KPCC “Morning Edition” Host Steve Julian and I had a terrific time in Arizona late last week watching the Angels and Dodgers play spring training games. As I wrote in my last posting, the Cactus League fans are particularly knowledgeable about the game and truly dedicated to their teams. It makes for some fun conversations.
Saturday afternoon, Steve and I were at Camelback Ranch in Glendale, Arizona to see the Dodgers play Cleveland. After taking our seats a few rows behind the Indians’ dugout, the fan in front of us turned around and asked “are you Larry Mantle? I was wondering if I’d meet you here.”
The fan was a Los Angeles resident, also named Larry, who heard me mention our annual trips on air. It turns out that Larry comes every year and brings one of his grandsons to the games. Joining him this time was grandson Adam of Calabasas.
“Morning Edition” host Steve Julian and I are off to Arizona for our annual trip to indulge in spring training baseball. Every March for more than a decade, we’ve taken a few days to watch the Dodgers and Angels field combinations of established major leaguers who’re getting into shape, and promising minor leaguers trying to make an impression.
Spring training is particularly fun for baseball fans because of the comparative intimacy of the games. Instead of 50,000 seat stadiums, the games are played in front of crowds of just a few thousand. The sounds from the field are more immediate and encompassing than at Dodger or Angel Stadium. The fans are also more into the games and less into the ancillary entertainment than you’ll see during the regular season.
It’s a fun mix of vacationing families, retirees, local businesspeople stealing away for a couple of hours, and baseball-loving friends like Steve and me. For me, it’s about as relaxed as I’m able to get. I tune out much (though not all) of the news and focus on unwinding in the sun.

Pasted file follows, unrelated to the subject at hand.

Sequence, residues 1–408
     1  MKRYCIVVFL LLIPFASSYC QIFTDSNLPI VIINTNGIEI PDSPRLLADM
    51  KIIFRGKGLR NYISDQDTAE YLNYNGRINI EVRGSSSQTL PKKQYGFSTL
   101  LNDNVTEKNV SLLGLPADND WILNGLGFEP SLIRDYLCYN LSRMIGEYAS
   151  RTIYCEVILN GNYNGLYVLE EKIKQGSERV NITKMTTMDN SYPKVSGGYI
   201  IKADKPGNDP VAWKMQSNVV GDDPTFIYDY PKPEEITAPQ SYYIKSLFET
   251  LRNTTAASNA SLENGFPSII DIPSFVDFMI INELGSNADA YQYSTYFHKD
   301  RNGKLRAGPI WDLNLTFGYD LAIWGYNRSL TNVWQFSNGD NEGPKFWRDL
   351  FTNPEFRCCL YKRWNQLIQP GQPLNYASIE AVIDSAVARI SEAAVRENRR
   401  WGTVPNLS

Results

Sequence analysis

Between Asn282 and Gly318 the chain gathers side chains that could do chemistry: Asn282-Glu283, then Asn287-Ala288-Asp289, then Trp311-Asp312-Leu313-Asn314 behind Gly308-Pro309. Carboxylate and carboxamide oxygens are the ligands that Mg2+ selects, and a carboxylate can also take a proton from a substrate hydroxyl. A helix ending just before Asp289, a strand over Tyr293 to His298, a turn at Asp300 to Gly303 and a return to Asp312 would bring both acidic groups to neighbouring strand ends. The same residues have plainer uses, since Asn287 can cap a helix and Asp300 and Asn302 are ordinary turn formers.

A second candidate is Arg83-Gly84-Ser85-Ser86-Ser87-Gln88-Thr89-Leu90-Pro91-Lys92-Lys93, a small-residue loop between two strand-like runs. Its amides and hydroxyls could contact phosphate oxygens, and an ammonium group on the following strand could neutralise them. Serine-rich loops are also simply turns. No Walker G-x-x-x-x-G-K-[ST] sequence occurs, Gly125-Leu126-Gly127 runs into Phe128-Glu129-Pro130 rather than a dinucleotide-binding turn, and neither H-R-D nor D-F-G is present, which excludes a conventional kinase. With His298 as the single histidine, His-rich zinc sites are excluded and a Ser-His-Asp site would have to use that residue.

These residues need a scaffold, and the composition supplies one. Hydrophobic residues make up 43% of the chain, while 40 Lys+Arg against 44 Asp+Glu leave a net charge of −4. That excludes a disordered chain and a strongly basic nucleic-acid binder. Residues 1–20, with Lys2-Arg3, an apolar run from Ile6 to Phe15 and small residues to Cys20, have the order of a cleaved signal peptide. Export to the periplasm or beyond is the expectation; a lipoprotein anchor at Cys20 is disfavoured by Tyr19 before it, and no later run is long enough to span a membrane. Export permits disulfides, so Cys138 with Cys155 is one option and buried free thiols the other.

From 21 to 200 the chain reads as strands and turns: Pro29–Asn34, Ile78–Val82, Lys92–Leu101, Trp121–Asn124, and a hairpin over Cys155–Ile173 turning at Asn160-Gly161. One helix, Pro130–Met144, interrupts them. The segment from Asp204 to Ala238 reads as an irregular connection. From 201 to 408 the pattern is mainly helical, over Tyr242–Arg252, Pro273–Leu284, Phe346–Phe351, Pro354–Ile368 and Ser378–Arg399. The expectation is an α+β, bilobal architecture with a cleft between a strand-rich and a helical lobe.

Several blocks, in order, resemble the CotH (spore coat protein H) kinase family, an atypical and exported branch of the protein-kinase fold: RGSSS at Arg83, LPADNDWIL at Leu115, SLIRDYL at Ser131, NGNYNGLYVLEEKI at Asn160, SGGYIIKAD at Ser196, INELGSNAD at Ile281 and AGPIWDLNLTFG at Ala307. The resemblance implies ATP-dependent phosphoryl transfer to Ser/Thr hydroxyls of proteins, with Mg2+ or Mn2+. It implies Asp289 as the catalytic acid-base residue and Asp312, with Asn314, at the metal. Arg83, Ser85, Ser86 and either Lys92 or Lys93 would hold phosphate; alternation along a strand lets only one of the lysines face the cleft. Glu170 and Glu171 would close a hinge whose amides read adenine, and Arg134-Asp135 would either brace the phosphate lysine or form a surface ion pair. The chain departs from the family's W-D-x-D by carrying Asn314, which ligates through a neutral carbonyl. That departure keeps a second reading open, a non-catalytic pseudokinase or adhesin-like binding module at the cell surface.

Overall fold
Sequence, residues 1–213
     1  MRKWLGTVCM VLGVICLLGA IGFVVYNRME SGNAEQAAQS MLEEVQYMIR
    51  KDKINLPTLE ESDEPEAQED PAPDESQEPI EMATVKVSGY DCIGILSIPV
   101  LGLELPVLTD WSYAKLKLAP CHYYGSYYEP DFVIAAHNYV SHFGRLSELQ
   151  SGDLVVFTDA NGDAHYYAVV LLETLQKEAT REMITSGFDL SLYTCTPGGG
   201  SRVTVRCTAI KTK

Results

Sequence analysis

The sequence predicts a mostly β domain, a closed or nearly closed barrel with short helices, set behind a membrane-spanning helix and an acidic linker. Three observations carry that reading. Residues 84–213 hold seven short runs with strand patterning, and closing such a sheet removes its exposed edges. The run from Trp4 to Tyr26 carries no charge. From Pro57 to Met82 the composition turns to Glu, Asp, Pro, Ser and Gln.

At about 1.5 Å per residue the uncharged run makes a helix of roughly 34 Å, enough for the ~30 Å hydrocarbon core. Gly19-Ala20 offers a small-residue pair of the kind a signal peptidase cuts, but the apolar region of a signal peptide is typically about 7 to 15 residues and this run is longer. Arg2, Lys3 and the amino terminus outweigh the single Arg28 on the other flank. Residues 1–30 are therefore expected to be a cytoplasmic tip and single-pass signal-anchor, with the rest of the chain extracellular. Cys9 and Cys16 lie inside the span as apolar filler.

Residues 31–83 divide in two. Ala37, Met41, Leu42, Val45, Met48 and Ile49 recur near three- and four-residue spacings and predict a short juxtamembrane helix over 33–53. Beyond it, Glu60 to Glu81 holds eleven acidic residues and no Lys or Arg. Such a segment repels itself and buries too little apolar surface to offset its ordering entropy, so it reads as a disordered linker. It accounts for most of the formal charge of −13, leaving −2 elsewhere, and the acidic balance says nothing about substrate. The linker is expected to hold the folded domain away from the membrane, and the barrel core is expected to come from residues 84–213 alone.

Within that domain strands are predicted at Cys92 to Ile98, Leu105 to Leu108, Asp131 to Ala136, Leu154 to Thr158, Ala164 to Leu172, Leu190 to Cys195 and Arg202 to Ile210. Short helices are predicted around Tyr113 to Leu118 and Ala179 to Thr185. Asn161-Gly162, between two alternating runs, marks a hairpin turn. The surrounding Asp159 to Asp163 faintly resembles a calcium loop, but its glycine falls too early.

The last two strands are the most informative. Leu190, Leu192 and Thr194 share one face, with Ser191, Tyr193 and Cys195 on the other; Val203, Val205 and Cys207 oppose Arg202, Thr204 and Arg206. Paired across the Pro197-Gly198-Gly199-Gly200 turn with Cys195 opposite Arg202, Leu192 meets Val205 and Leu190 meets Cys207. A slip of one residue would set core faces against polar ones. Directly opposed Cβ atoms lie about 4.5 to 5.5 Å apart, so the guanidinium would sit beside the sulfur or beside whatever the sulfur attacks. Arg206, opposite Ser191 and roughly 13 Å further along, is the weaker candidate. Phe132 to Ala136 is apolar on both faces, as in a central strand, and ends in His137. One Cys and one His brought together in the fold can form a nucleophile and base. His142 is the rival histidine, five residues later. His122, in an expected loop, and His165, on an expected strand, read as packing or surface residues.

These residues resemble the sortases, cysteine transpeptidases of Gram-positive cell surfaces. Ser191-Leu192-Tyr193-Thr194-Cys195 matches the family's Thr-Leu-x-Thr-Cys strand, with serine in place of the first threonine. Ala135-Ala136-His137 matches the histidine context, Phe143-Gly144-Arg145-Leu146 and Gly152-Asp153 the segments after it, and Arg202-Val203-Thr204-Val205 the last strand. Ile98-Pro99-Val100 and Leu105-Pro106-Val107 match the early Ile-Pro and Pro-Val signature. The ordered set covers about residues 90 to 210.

As a sports fan, I’m always glad for movies and books that relate the intricacies of professional sports. My interest began in the 1970s with Jim Bouton’s inside-the-locker-room classic, Ball Four.
I was also excited to read Michael Lewis’ Moneyball when it came out, given that it profiled a pioneer in using computer analysis to determine future player performance, Oakland As General Manager, Billy Beane. The book was terrific, though I thought it shortchanged the art of player assessment in favor of statistics.
Beane showed how much a team could be improved by incorporating additional sophisticated measurements into the mix. However, in my opinion, a General Manager ignores the subjective judgments of scouts at his own peril.
What’s so wonderful about baseball is its mix of art and science. The artistry may be squishy to measure, but that doesn’t mean it’s irrelevant to success. You can’t simply reduce player assessment down to numbers, particularly when players are young and largely unformed.
My family and I took in the Dodger game last Friday night, along with a surprisingly respectable crowd for a losing team with players better suited to being reserves or minor leaguers. Fireworks must have been part of the draw.
I was struck by the body language of the players. Though the players must know they have no chance of competing for a playoff berth, or even a .500 record, they don’t look defeated on the field. Over the years I’ve seen losing teams going through the motions, but that doesn’t appear to be true for the Dodgers. It makes it easy to cheer for them. They may be anemic hitters, but their effort is solid (with the exception of a Juan Uribe wave at a ground ball to third).
The front office is, of course, another thing. Bankruptcy is just the symptom of much deeper problems besetting the team. I’m more concerned about the barren minor league system than the team’s finances. They might be related problems, but there’s a serious shortage of talent that will haunt the team for the foreseeable future.
Thursday morning on AirTalk I had the chance to continue our coverage of the Dodgers saga with team vice-chairman, Steve Soboroff. He’s a familiar figure in Los Angeles from his run for mayor and his leadership of the controversial Playa Vista project.
Soboroff is now Dodger owner Frank McCourt’s right-hand man, having taken the job just a couple of days before Major League Baseball appointed a monitor to oversee the team’s financial operations. Though most of us would’ve considered that bad timing for our new job, Soboroff seems to be relishing his new underdog role as defender of McCourt.
Our half-hour conversation Thursday was wild, with Soboroff launching a passionate defense of his boss, complete with the charge that MLB is engaging in a sham investigation of the team’s finances. He went on to describe MLB monitor Tom Schieffer as hobnobbing with players instead of doing the job commissioner Bud Selig assigned him to do.